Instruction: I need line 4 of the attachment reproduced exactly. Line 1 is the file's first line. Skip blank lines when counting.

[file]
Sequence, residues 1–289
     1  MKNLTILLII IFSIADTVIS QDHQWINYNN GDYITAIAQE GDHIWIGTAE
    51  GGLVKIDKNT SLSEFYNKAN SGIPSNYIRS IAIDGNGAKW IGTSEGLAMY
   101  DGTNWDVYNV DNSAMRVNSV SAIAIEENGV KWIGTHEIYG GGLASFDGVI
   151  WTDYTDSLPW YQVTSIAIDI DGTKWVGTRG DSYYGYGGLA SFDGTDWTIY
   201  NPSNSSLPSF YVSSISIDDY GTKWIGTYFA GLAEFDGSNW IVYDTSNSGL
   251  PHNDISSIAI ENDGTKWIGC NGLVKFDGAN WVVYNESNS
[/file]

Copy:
   101  DGTNWDVYNV DNSAMRVNSV SAIAIEENGV KWIGTHEIYG GGLASFDGVI